In 2008, Canfield and Hansen sold the company to a new ownership group led by Bill Rouhana and Bob Jacobs. On the phone, current publisher and editor-in-chief Amy Newmark discussed fresh directions for Chicken Soup for the Soul, emphasizing its inclusivity (“a book for everyone on your gift list”) and deep philanthropic mission. In some ways, that inclusivity is questionable: Chicken Soup still hasn’t released a volume for LGBT readers, for instance, which seems absurd given the range and precision of its demographic targeting. (Chicken Soup for the Soul: Country Music, Chicken Soup for the Soul: Living with Alzheimer’s and Other Dementias.) And the series’ key consumers remain women in their 30s, 40s, and 50s. But Newmark expressed commitment to “reaching everyone” and “making a difference.” She told me the firm hasn’t raised prices on its books since 2003 (“We love our readers and want to give them premium value”), and that it donates much of its revenue to charity, notably the Humpty Dumpty Institute, but also more specific organizations pegged to more specific books, such as the Humane Society for Chicken Soup for the Pet Lover’s Soul. “We’re a socially conscious company and everything we do is designed to share happiness, inspiration, and wellness in an entertaining fashion,” she said. “Our motive is to always give back and do what’s right for people.”

That community impulse extends to Chicken Soup’s submission policy, which has fostered a huge network of amateur authors—“ordinary people telling extraordinary stories,” in Newmark’s words—who can upload their submissions for free. Once selected, a contributor is paid between one and two hundred dollars, and receives an email notice every time a new book theme bubbles up. While submissions have skyrocketed in the age of the Internet (each volume receives about 6,000), the heyday of Chicken Soup sales was the mid-’90s. (“Flat is the new up,” Newmark told me wistfully.) They’ve kept 101 as their magic number on the table of contents, but altered the titles slightly, to give the series more freedom. Chicken Soup for the Fill-in-the-Blank Soul has become Chicken Soup for the Soul: Fill-in-the-Blank. And Newmark admits to a subtle shift in editorial voice. “We used to have flowery language,” she laughed. “But I hired three people with journalism degrees to work here because I prefer that journalistic tone. If someone says, ‘My sadness coursed down my cheeks,’ I’m going to change it to ‘I cried.’ ”

What Newmark doesn’t mention: the diminishing role of the books themselves in the Chicken Soup brand. In 2008, book sales represented 90 percent of the company’s profits; just three years later, that number was 50 percent. Rouhana and Jacobs have leveraged Chicken Soup’s name recognition—one poll found that 87 percent of Americans have heard of the franchise—and its ambience of “hope, faith, and trust” to develop puzzle games, pasta sauce, health and beauty products, and a potential talk show. They’ve insisted that the collections themselves be sold not so much in bookshops as in supermarkets and drugstores. “Don’t look at it as a book,” Rouhana and Jacobs told chain owners, according to an interview with Forbes. Chicken Soup for the Soul is a commodity.

But business story aside, I was most interested in what the anthologies meant to us when they crested the prosperous hills of the Clinton era, and what relevance they might hold today. Despite the growth of the self-help market, has the recession, or irony, destroyed Chicken Soup’s chances of regaining the mainstream? In fact, did we even like them to begin with? Memories were mixed: Slate copy editor Ryan Vogt recalled his sixth grade teacher stopping class occasionally in order to read aloud from the original volume. “I regarded the book as pure cheese at first,” he told me, “but actually got pretty choked up a few times, and came to see the readings as a treat, like Reading Rainbow had been in elementary school.” Writer Mark Stern said he’d borrowed Chicken Soup for the Preteen Soul from his female cousin as a 9-year-old and found it “awful, mawkish, obvious, painful, unbearable, unenjoyable, and scarring.” (How does Newmark feel about Chicken Soup’s reputation for churning out a noxious sludge of sentimental woo-woo? “That’s unfair criticism,” she replied. “I’m not a gooey person and I don’t think that I select that kind of story. I don’t think the previous owners did either.”)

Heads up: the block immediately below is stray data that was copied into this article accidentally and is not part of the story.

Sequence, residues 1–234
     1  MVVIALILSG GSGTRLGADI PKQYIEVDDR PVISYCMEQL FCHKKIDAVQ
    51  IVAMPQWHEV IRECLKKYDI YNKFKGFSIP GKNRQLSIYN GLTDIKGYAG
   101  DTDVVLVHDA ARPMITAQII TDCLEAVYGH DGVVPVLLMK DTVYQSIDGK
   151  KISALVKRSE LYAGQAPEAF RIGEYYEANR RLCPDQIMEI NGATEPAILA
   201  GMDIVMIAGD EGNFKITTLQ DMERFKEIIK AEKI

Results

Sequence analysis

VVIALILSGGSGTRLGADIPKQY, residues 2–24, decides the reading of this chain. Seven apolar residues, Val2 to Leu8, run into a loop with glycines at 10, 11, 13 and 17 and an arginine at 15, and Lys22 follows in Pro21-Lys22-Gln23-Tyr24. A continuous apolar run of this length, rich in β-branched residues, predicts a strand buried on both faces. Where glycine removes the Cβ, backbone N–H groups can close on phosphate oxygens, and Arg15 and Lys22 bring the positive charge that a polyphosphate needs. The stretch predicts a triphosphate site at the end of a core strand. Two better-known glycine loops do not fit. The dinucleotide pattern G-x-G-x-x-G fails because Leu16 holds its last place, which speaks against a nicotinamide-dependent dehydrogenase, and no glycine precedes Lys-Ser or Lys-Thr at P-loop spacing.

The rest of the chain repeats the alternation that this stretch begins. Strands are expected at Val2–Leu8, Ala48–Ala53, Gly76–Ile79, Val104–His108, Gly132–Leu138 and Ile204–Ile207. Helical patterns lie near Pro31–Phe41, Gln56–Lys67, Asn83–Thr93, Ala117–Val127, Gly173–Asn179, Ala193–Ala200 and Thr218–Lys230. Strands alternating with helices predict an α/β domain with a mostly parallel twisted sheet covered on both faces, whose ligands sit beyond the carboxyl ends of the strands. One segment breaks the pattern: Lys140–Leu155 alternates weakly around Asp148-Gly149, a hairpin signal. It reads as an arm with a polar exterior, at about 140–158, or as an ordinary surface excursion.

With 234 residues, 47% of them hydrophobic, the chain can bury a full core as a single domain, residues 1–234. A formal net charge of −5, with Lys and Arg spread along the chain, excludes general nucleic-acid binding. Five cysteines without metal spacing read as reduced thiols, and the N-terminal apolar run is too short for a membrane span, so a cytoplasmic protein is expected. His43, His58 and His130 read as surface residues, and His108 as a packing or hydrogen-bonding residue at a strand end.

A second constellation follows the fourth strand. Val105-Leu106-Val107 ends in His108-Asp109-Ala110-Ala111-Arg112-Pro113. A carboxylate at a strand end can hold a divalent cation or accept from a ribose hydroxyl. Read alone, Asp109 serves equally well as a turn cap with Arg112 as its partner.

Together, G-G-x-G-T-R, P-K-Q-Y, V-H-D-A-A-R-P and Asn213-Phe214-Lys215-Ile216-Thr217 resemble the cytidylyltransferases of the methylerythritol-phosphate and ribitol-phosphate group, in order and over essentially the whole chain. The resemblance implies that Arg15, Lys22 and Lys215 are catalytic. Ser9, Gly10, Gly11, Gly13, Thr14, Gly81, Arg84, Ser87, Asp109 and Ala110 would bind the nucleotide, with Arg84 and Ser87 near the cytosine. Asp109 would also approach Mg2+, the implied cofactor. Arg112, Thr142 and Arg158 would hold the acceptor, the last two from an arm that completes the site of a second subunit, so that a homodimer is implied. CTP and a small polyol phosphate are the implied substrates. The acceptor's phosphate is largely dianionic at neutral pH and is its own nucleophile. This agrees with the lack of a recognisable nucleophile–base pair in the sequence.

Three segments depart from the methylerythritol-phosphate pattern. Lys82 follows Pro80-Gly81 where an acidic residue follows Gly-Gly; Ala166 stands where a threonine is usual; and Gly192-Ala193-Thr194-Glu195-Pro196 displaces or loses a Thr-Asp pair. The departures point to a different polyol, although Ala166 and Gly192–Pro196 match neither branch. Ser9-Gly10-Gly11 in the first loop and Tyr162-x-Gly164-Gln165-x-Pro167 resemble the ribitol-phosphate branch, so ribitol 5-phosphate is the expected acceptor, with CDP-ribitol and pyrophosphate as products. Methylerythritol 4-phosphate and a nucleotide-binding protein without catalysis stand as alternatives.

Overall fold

“They were some of the first books that I stayed up late at night reading,” confessed Slate intern Laura Bradley. “I loved them when I was a happy child. By the time I was a tween who wore too much eyeliner—not so much.”

When I cracked the original Chicken Soup for the Soul in 2014 (I had only ever read the teenage version), I was put in mind less of wintertime broth than of some kind of vegan Powerade first introduced to the world via the Goop newsletter. The cynic in me wants to slam the stories as cloying treacle: random acts of kindness preventing suicide in the nick of time; an entire classroom of disadvantaged kids becoming successful doctors, lawyers, and businessmen—every one!—because their teacher loved them. Sentence by sentence, there’s a staggering amount of rekindling, reviving, empowering, dreaming, doing, and visualizing; a profusion of laughter-through-tears; a reliable geyser of gruff fathers finding the courage to tell their sons they care.

I was seduced by my own outrage at the book’s materialism. Along with bliss (unremitting) and serenity (perfect), Canfield and Hansen are big on dizzying wealth and fame. “Imagine how fantastic and successful you’d be if you followed your joy,” one essay smarms. Too often women emerge as accessories or status markers. In “My Soul Mate,” Hansen describes his “twin flame relationship” with his wife, Crystal, and then lists all 112 qualities he looks for in a woman, including “slender and radiantly fit,” “smells good naturally,” “social graces and practices,” and “master kisser/lovingly tactile.” “Chicken Soup is the worst,” I told my roommate, flinging down the book. What I didn’t say was that I’d been reading for an hour and I’d already cried three times.

That is the problem with Chicken Soup for the Soul. It gets to you, even when you know better.

“I knew in my bones that the love we give and receive is all that matters and all that is remembered,” asserts the narrator in one story. “Suffering disappears; love remains.”

Chicken Soup’s creators would claim they want to reflect readers’ lives back at them, but kindly, so that we see the beautiful truth about who we are. To me, the books’ effects are more bound up in escapism and wishful thinking. It’s not just that they transport us to a world of simplified conflicts, fairytale endings, and cathartically dumb psychobabble. To read them is to surrender to that part of the reading self that longs to believe someone is writing with you in mind. You, the Indian teen. You, the fisherman scrapbooker. You, the indescribably specific, individual spirit. When the stories are doing their job, behind them seems to float an intelligence that fervently wants the best for whomever we happen to be. Who cares how silly that intelligence is? Martin Amis doesn’t care if we thrive. Chicken Soup for the Soul just might. And that is at once rare, empowering, and comforting. Inspirational, even.